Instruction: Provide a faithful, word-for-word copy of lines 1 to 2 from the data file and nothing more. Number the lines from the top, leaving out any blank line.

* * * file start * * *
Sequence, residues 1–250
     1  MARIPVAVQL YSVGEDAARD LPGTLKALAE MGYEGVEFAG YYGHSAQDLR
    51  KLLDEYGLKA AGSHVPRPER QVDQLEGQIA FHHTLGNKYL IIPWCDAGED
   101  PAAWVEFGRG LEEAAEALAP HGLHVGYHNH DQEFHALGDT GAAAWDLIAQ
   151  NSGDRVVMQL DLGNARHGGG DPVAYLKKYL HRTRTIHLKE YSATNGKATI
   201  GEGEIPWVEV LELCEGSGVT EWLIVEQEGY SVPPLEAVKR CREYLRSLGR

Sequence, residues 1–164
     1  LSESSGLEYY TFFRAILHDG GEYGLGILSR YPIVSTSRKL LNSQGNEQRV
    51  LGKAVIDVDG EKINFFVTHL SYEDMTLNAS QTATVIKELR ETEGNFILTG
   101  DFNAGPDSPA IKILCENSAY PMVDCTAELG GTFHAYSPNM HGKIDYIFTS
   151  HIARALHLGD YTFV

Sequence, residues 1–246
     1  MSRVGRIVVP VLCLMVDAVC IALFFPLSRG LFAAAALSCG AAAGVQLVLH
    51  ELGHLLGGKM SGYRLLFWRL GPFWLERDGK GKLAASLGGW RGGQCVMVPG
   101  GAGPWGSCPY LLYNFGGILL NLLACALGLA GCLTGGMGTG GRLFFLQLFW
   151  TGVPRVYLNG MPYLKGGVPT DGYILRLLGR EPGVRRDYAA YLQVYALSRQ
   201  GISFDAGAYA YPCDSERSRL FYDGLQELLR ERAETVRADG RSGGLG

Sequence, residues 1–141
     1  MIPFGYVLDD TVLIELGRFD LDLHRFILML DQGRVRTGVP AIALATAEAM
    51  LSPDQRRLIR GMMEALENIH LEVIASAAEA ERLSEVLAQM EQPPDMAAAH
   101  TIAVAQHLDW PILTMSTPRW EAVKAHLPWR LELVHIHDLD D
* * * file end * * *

Sequence, residues 1–250
     1  MARIPVAVQL YSVGEDAARD LPGTLKALAE MGYEGVEFAG YYGHSAQDLR